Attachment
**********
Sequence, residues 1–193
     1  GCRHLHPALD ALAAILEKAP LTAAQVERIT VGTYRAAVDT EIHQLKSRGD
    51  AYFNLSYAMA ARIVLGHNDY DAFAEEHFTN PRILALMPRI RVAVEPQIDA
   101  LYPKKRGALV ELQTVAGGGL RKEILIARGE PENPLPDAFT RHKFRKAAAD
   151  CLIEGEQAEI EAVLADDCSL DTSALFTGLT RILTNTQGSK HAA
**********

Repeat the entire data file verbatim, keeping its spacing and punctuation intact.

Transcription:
Sequence, residues 1–193
     1  GCRHLHPALD ALAAILEKAP LTAAQVERIT VGTYRAAVDT EIHQLKSRGD
    51  AYFNLSYAMA ARIVLGHNDY DAFAEEHFTN PRILALMPRI RVAVEPQIDA
   101  LYPKKRGALV ELQTVAGGGL RKEILIARGE PENPLPDAFT RHKFRKAAAD
   151  CLIEGEQAEI EAVLADDCSL DTSALFTGLT RILTNTQGSK HAA